2. Focusing on my children
My daughter is 2 years old, and my son just turned 1. They are in the height of primetime selfish toddler years – and they have no clue of what’s going on. But kids are sponges, and I got a sense that my daughter was absorbing some of my adverse energy. I want to keep her protected from the inevitable awareness of race for a bit longer, so I allowed myself to be hyper present with them and intentionally found joy in our daily routines.
3. Utilizing the moment to learn
My brother came up with a brilliant idea to interview our parents about their experiences with race in America. We had an amazing Zoom meeting that I will be grateful for eternally. We discussed comparisons between now and the Civil Rights Movement, heard new stories and perspectives about our parents’ childhood experiences being raised in the South, reflected on our earliest memories of being aware of our race, asked questions about their considerations of race in parenting, and really just had an unusually deep conversation. We recorded it, and I will surely be emailing it to my children. I highly recommend taking a moment to learn more about the stories of your family’s history and relationship with race in America.
4. Acknowledging the good within the moment
It just feels like a turning point and that gives me hope. It’s hopeful to see the things I’m seeing: the number of white people across the nation who are just as outraged this time and seem to truly be engaged in this fight for justice, the exceptional use of technology to streamline the efforts for anyone interested in donating, learning more about anti-racism or drafting automated petitions, the number of people who might actually get out and vote this year. All of these are important for long-term effects that are needed for this movement. Broad reaching awareness paired with clear and rapid action items is a recipe for success. Nothing happens overnight, but we are already beginning to see local officials call for police reform and added accountability.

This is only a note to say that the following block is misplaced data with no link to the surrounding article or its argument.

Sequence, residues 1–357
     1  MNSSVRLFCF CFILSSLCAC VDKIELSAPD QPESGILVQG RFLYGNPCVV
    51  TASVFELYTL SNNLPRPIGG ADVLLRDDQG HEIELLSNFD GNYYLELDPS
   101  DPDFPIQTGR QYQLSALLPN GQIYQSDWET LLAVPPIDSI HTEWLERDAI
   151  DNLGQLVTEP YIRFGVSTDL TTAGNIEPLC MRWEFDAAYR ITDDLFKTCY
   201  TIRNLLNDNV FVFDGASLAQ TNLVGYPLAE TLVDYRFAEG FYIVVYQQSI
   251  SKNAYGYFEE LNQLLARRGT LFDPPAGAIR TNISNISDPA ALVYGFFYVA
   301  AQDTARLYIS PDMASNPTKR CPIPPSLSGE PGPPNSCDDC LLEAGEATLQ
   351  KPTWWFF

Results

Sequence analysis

5. Creating specific next steps
Acting against systemic racism is just too daunting and impossible a task for one to take on. But taking the time to identify a couple of elements of racial inequities that you feel passionate about and confident that you can tackle over time makes the effort feel more achievable. Having that roadmap in place helped me feel hopeful that I can do my part to effect change.
This is not an invitation to just move on, but it is an invitation to push forward.
These horrific acts of violence, coupled with this special moment of global stillness given COVID-19, has enabled our nation to be more acutely aware of racial inequities that have existed for centuries. Without our standard hectic calendars filled with the everyday hustle and bustle of life, we can take advantage of an entire nation of people who have an unprecedented amount of time right now.
But this too shall pass, and the work needed to effect change will be a long, multifaceted approach— there is no silver bullet. This work will require true commitment and endurance that we will not have if we continue in this state of exhaustion. Let us begin to give ourselves the space to feel peace, rest, gain a renewed sense of energy, and get to work. As the nation begins to reopen and business finds its way to a new normal, find ways to hold yourselves and those around you accountable to this mission.
We all have a role to play in this battle for equality.